Managing Chronic Pain and Depression Simultaneously for an Empowered Future
Through treatment, you can get help for managing chronic pain and depression at the same time for better recovery outcomes. Here are some tips for coping successfully. And, in the process, you can regain your hope for the present and for the future.
Waking up to another day of depression and chronic pain is a bleak prospect. That is—if you aren’t already tapping into the resources and coping strategies that can relieve so much of your pain and distress. And if that’s the case, then you’re missing out on readily available solutions.
Either way, it’s important to understand that there are dangerous risks that come with untreated depression. And co-occurring chronic pain can amplify these risks, which can include:
- Self-harm and suicide
- Self-medication and substance abuse
- Conflicts and loss in relationships
- Serious sleep disturbances
- Difficulty coping with other mental or medical health conditions
- Difficulty connecting with life and interests overall
Depression symptoms are also likely to get much worse over time, especially when chronic pain is constantly weighing on a person. But treatment offers options and the possibility for relief with the clinical management of both chronic pain and depression. In fact, treatment offers one an empowered future.
Tips for Coping with Both Chronic Pain and Depression
Recovery from major depression and chronic pain is long-term, but with the right help and strategies, you can thrive.
Get Help Early
Symptoms of depression and chronic pain tend to escalate. But with adequate care and treatment, it’s possible to manage and minimize these symptoms. In this case, adequate care involves attention that is both medical and psychological. With integrative treatment, various clinicians work together as a team to address a range of simultaneous needs and challenges. These may be co-occurring mental health disorders or co-occurring mental and physical distress.
For chronic pain and depression, clinicians can begin to uncover the ways in which these two conditions interact with each other—and how they can aggravate and intensify each other. Certain strategies for coping with one problem may improve the other as well. And when you are in a treatment center that is committed to your recovery, your comfort and active healing is the priority. So, get help early before your physical and emotional pain gets any worse.
Learn How to Express Yourself and Be Willing
Sometimes, does it seem like too much just to sit and endure the pain you’re experiencing? At these times, it can seem impossible to even cover the distance of just sharing your experience with someone else. The road to recovery is built on the connections with and help from others. But rest assured that, in a treatment center, you can take steps at your own pace. As clinicians help to relieve some of your distressing symptoms, eventually, you’ll find more freedom to engage with the recovery process.
A comforting alliance with a knowledgeable therapist can help you to gain a clearer perspective and open up your voice. As you begin to view your depression and chronic pain in a more tangible light, the power of these disorders begins to fade. Sharing what you are going through is a healing practice in and of itself, and it also illuminates for clinicians how they can support you even more completely. And, in the long-term, practicing your self-expression and maintenance of supportive connections will fortify your recovery even after the duration of a treatment program.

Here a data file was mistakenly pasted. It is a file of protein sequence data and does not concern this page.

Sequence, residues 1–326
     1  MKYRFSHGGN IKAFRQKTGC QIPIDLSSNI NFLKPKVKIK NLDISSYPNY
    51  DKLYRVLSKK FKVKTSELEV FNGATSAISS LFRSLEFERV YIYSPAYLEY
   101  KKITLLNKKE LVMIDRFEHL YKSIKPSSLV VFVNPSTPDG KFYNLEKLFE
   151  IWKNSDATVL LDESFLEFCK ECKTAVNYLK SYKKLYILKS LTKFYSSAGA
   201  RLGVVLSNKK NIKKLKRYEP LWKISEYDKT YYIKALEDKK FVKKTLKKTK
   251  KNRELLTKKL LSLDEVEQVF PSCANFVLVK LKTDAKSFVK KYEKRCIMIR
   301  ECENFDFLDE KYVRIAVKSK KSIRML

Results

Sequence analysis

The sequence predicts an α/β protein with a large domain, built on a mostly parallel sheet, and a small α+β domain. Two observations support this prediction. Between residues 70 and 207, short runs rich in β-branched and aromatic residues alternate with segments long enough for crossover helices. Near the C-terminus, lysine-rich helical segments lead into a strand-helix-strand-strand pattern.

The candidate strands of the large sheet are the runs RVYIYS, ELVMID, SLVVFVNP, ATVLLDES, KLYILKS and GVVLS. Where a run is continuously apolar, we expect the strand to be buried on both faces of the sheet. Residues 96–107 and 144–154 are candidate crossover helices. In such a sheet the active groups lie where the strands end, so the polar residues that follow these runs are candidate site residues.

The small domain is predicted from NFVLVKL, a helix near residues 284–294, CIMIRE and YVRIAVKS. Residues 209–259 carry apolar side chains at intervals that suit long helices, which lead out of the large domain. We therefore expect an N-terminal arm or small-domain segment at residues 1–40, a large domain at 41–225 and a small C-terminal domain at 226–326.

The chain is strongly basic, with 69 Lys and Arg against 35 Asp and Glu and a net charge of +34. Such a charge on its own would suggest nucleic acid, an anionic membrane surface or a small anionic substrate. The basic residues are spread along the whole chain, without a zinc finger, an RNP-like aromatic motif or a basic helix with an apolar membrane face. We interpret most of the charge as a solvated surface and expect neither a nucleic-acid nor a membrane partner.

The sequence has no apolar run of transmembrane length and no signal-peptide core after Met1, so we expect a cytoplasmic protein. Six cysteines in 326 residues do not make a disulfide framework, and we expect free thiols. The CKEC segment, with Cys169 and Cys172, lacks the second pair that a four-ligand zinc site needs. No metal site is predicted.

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Discover Your Triggers and How to Proactively Manage Them
Clinicians understand that everyone’s pain is unique—their physical pain and their emotional pain. Therefore, treatment for mood disorders and chronic pain is not a one-size-fits-all package. The best kind of treatment is a dynamic interaction between care providers and the client, and the healing processes build and sharpen along the way.
Of course, recovery is not just about the management of symptoms; it’s also very much about the management of triggers and stress that will challenge one’s recovery in the future. With generous support, you can learn to identify the triggers that provoke your pain in one way or another. Difficult relationships or work stress or financial burdens might affect your physical or emotional pain. And, certainly, your depression can affect your chronic pain, and your pain can affect your depression. These cause-and-effect relationships can be overwhelming, but the support you receive in treatment will bring this process down to an entirely manageable level.
How Can You Regain Your Strength and Hope in Recovery?
In recovery, you will get over the initial hurdles of symptom management. Holistic treatment includes therapies for stress relief along with the primary components of medication and individualized therapy. But beyond symptom relief, you will have the opportunity to focus on some of your bigger personal goals. You’ll be able to explore what you want from life in recovery and begin to see clearly the path ahead.
Hope comes from help for our mental and emotional fitness. And there is plenty of help to be found. So, find that help early, and learn how to be your own ally in the process.
Bridges to Recovery offers comprehensive treatment for people struggling with mental health disorders as well as co-occurring substance use disorders, eating disorders, and process addictions. Contact us to learn more about our renowned Los Angeles and San Diego-based programs and how we can help you or your loved one start the journey toward healing.